Fact: More than 85% of women who develop breast cancer have no family history of the disease.
Could it happen to you?
Setting the record straight about young women and breast cancer.
What are the odds?
Roughly 5 percent of new breast cancer cases occur in women under 40—about 13,000 diagnoses each year. "The younger you are, the lower the odds, but I have diagnosed breast cancer in women as young as 18," says Therese Bevers, MD, medical director of the Cancer Prevention Center at MD Anderson Cancer Center in Houston. The good news: The five-year survival rate for women under 40 is 84 percent.
Is breast cancer among young women on the rise?
According to a 2013 study in The Journal of the American Medical Association, the incidence of localized breast cancer among women under 40 showed no increase between 1976 and 2009. But the incidence of metastatic breast cancer (which is less common) nearly doubled over the same span.
Are self-exams still best?
Early detection is especially key for young women, as premenopausal breast cancer is often more aggressive and harder to treat than breast cancer in older women. "Nearly 80 percent of younger women find their own breast cancer lumps," says Jennifer Merschdorf, CEO of the Young Survival Coalition. "It's natural for young women to have lumpy breasts or cysts, and in most cases, nothing is wrong. But if a lump doesn't go away, you should absolutely get it checked out."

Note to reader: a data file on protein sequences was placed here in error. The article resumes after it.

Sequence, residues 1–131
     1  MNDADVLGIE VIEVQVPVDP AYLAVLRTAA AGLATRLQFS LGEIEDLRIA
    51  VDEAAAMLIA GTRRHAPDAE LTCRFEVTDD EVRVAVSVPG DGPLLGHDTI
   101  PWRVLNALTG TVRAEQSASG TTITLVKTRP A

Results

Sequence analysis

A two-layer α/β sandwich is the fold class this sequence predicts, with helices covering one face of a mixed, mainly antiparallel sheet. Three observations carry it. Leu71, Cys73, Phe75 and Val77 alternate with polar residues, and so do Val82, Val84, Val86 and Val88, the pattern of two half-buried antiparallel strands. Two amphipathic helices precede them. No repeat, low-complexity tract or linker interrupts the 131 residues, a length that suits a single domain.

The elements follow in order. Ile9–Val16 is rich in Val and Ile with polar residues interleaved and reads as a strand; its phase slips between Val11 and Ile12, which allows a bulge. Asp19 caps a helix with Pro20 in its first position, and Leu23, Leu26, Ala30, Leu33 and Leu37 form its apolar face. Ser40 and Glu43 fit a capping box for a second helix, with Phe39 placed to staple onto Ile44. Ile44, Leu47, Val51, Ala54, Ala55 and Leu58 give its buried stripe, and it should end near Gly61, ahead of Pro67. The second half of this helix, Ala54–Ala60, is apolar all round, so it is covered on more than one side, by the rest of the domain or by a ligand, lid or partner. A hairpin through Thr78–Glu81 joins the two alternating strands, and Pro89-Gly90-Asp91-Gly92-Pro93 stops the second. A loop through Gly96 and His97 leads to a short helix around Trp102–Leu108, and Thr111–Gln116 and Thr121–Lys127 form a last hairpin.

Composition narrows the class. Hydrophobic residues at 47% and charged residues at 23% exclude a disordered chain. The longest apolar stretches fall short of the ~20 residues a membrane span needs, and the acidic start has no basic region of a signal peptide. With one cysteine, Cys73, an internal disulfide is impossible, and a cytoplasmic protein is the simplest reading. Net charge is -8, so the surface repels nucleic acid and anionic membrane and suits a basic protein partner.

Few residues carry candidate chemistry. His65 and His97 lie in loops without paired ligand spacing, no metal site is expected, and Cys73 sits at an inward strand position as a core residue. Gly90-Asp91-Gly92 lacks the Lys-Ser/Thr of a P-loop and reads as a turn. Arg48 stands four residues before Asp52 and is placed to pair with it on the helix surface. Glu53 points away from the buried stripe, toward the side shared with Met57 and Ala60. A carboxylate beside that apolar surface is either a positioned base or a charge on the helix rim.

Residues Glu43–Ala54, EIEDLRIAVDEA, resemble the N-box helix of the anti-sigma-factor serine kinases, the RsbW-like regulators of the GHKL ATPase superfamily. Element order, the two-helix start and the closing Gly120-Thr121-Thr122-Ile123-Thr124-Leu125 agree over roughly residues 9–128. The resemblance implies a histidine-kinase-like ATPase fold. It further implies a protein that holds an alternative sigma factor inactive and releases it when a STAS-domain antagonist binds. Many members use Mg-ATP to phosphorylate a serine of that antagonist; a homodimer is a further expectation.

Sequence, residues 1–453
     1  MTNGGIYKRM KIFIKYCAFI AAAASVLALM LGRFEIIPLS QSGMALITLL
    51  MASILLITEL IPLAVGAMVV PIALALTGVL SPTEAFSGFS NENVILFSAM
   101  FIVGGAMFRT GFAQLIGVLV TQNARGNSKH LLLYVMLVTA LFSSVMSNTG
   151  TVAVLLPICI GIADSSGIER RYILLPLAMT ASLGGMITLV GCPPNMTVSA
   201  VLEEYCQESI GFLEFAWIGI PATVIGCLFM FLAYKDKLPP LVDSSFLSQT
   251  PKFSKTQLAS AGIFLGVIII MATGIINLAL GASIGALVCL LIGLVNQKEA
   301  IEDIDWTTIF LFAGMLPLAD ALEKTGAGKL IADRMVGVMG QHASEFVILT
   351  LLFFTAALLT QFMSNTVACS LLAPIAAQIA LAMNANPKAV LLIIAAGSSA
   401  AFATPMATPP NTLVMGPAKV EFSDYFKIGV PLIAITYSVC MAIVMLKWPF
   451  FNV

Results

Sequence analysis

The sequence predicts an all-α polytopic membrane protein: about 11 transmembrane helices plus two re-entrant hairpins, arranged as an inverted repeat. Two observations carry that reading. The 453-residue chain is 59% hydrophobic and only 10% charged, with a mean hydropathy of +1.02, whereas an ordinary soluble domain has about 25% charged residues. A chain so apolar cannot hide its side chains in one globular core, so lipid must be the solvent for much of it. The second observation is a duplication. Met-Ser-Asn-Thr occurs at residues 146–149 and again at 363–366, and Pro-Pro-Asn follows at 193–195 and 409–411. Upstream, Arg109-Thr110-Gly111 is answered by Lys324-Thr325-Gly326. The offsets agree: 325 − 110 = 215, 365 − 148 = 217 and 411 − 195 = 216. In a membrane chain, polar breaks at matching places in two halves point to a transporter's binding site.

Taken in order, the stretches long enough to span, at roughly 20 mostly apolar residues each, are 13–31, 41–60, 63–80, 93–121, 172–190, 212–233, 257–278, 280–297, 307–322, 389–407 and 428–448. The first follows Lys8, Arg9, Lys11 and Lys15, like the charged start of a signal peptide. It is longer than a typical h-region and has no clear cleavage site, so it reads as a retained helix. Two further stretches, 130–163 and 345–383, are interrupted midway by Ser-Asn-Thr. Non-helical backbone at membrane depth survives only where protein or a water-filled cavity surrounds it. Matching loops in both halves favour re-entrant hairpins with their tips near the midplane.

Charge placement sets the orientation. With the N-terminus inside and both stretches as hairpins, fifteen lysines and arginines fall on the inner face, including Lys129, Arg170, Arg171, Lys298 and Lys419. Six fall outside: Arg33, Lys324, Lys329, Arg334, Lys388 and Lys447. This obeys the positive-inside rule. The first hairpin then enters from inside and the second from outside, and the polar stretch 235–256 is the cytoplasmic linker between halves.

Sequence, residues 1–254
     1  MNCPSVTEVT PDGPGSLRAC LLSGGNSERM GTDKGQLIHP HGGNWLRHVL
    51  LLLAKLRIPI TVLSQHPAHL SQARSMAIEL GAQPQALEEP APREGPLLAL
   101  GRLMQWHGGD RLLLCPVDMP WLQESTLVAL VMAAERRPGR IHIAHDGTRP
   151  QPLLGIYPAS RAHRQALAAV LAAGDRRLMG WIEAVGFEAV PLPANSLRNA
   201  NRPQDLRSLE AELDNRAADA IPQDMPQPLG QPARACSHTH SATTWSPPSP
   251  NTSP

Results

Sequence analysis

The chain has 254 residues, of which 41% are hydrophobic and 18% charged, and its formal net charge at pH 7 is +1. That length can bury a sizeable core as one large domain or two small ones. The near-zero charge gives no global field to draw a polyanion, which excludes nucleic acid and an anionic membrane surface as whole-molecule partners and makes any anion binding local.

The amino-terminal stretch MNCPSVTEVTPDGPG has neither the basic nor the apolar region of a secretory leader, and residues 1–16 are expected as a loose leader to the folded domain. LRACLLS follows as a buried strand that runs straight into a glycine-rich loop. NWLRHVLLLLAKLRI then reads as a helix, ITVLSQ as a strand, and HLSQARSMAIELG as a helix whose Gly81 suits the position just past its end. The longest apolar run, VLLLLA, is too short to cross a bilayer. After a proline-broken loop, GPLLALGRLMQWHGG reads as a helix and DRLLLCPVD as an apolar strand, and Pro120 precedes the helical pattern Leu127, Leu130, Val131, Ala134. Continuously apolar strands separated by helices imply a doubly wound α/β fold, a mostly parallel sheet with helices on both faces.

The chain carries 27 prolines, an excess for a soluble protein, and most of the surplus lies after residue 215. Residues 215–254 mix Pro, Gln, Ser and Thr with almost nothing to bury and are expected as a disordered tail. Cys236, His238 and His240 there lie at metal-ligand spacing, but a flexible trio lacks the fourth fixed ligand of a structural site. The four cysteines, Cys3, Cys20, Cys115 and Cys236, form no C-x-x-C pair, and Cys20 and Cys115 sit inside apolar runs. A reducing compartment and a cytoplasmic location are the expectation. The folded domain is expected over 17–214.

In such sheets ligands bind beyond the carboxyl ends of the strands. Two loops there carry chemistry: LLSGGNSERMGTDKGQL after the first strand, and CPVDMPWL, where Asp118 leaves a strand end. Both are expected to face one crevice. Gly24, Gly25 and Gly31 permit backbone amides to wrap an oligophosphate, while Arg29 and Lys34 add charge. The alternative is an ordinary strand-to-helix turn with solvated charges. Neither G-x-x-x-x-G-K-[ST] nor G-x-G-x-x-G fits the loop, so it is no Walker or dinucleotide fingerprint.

I found a lump. What tests should my doctor perform?
Mariana Chavez-Mac Gregor, MD, an assistant professor of breast medical oncology at MD Anderson Cancer Center, assesses the three most widely used options:
Ultrasound. "In young women, most of the time we order an ultrasound first," Chavez-Mac Gregor says. They're quick, simple and good at evaluating cysts—small, usually benign fluid-filled sacs many women have in their breasts.
Mammogram. "Young breasts tend to be very dense, so a mammogram will likely not show you much, but it can detect things like calcifications that an ultrasound can't," Chavez-Mac Gregor says.